C. Recognition of Rape During Times of Peace Under the ATCA

The atrocities of rape are not unique to the circumstances under which they occur. Whether committed in the context of an armed conflict or during times of peace, the nature of rape does not change. Currently, one major distinction between the systematic use of rape during an armed conflict and those occurring in Pakistan is that victims of rape committed during an armed conflict have a chance to seek remedy under the ATCA. However, for the purposes of international law, it is not the emotional toll on the victims that the courts use to classify the crime. Rather, courts rely on its effect in relation to the laws of war to determine that in such a context, systematic and mass rapes encouraged and committed by a country’s government are unacceptable. 217See generally Kadic, 70 F.3d at 232 (focusing on the impact of rape as a war crime but not considering rape outside of the context of an armed conflict). Thus, in order for rapes committed outside of an armed conflict to be classified as a violation of international law, international courts would have to recognize that persistent yet unprosecuted sexual violence in a country is a violation of jus cogens absent an armed conflict. 218See generally van der Vyver, supra note 199.

Thus far, when rape has been prosecuted on an international scale, U.S. federal courts have accepted the claims under a theory that the rape was “state-sponsored” because it occurred under the color of authority or actual authority of the government. However, if federal courts were to broaden the current understanding of “state-sponsored sexual violence,” a country’s persistent failure to prosecute rape 219Ghosh, supra note 187. could fall within the meaning of “state-sponsored.” 220Ayesha Asghar, Systematic Sexual Violence and Abuse of Power in the Sindh, Gender Focus (Jan. 6, 2013), http://www.gender-focus.com/2013/01/06/systemic-sexual-violence-and-abuse-of-power-in-sindh/. While recognizing the actions of Pakistan’s government as “state approval” is a large expansion of the holding in Kadic, it is not an implausible interpretation of the standard in international law.

D. Future Difficulties in Allowing State-Sponsored Rape Claims Under the ATCA

If U.S. federal courts were to expand upon the concept of “state-sponsored sexual violence,” perhaps the biggest problem would be the potential volume of cases brought. Despite the unlikelihood of having their claim effectively investigated, a large number of Pakistani women still brought claims to their government in an attempt to seek justice. 221See Ghosh, supra note 187; see also Zero Conviction of Rapists, Extortionists, and Killers, supra note 112. Without investigations, the government has failed to convict anyone of rape since the implementation of the PWA. 222Zero Conviction of Rapists, Extortionists, and Killers, supra note 112. Further, authorities estimated that those thousands represented only a fraction of the crimes that actually occurred. 223Asghar, supra note 220; see also Ghosh, supra note 187. It would be unrealistic for the U.S. federal court system to overextend its own resources in order to afford redress to all foreign nationals through the ATCA based solely on the grounds that the State had persistently failed to prosecute rapes within the country. Thus, if expanded, the courts would need to implement a certain minimum standard that would classify a case as being “state-sponsored.” This simple action would eliminate the ninety-three percent of the cases that were reported involving marital rape 224Zero Conviction of Rapists, Extortionists, and Killers, supra note 112. and even further limit the cases in which the State had either no involvement or no knowledge. This would, however, leave open the federal court system to the victims whose rape was either inadvertently endorsed, committed by law enforcement officials, or encouraged by tribal leaders and left unprosecuted by the Pakistani government. 225See generally Mai, supra note 9 (stating that her rape was encouraged by tribal leaders and issued as a punishment for her brother’s crime). After bringing suit against her rapists, Mai’s case was dismissed for lack of evidence. Cases such as this would warrant “state-sponsored activity” under an expanded definition. Id.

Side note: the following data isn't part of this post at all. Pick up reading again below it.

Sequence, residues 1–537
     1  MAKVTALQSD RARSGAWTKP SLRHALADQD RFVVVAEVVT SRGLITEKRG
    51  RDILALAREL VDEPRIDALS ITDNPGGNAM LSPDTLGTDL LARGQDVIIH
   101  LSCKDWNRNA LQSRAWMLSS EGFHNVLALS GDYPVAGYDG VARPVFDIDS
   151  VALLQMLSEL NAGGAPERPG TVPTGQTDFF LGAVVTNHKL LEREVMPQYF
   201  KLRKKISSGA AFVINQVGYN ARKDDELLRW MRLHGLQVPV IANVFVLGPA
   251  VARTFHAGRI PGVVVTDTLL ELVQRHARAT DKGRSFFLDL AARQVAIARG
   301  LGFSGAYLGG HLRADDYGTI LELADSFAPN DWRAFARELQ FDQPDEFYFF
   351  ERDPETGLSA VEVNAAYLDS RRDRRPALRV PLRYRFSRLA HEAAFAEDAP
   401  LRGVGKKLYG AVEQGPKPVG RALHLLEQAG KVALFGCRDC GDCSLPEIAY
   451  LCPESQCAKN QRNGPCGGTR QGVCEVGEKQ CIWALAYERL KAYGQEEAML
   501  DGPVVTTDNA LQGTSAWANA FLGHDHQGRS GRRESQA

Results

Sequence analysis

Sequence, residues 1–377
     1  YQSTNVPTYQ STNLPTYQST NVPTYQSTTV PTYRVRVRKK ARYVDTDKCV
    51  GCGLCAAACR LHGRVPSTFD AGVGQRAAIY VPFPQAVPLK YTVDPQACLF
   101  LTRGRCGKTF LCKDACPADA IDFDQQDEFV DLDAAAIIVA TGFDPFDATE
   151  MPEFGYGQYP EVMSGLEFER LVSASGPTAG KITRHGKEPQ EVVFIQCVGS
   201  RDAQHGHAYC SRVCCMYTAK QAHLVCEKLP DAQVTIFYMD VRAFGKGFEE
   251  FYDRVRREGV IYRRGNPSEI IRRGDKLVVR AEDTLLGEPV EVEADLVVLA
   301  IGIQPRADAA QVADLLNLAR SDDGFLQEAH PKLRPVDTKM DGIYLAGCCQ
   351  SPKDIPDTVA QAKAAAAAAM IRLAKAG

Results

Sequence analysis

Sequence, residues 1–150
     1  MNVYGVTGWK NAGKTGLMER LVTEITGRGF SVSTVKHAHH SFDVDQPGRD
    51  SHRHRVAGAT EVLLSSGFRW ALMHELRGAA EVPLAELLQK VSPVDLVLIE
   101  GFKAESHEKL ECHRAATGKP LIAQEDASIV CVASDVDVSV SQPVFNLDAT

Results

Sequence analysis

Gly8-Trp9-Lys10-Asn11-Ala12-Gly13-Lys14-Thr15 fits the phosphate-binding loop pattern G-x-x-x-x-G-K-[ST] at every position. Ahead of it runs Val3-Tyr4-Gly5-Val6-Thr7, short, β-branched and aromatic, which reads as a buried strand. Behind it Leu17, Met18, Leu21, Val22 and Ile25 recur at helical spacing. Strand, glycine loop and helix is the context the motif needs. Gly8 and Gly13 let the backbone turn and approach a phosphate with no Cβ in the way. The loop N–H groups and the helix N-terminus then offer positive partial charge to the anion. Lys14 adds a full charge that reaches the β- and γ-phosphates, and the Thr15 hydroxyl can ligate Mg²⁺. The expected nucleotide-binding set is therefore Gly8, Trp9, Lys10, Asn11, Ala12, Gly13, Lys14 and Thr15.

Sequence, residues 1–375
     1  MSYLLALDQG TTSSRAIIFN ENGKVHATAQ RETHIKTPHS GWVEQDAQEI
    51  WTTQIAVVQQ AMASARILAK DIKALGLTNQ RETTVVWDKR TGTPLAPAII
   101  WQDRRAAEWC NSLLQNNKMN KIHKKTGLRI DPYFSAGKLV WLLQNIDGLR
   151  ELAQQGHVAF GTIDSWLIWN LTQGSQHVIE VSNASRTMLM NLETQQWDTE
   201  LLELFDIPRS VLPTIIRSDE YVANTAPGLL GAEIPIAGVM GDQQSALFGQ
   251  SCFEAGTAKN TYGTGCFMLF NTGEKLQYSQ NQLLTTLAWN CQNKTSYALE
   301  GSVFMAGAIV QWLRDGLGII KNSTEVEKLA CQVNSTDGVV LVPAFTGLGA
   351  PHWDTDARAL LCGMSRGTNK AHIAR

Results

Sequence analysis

Another substantial difficulty would be naming the proper defendant after bringing suit under the ATCA. Due to Pakistan’s failure to prosecute the crimes and the suit being brought under a theory that the activity was State-sponsored, naming Pakistan as a defendant would seem to be the easiest and most likely choice. However, due to the basic sovereignty that States are afforded to handle matters within their own borders, 226See generally Underhill v. Hernandez, 168 U.S. 250, 18 S. Ct. 84 (1897) (explaining, for the first time, that a country is given sovereignty to make decisions within its own borders and introducing the Act of State Doctrine). it would be an improbable circumstance for the federal courts to bring the suit naming Pakistan as a defendant. The most likely defendants for these cases alleging State sponsorship would be Pakistani officials. Under a theory of the ATCA that mandates a somewhat rigorous standard for recognizing State-sponsored sexual activity, it would only make sense that those who sponsored the activity be held responsible. This responsibility, depending upon the circumstance, could fall on either religious leaders, 227See generally Mai, supra note 9. leaders in law enforcement, or heads of State that deliver tacit approval for the actions of rapists in their country. Holding leaders responsible would encourage the Pakistani government to fully investigate rape crimes, leading to a more effective prosecutorial system. 228See supra Part II.C (describing the current issues with prosecuting rape crimes within Pakistan despite implementation of the PWA in 2006).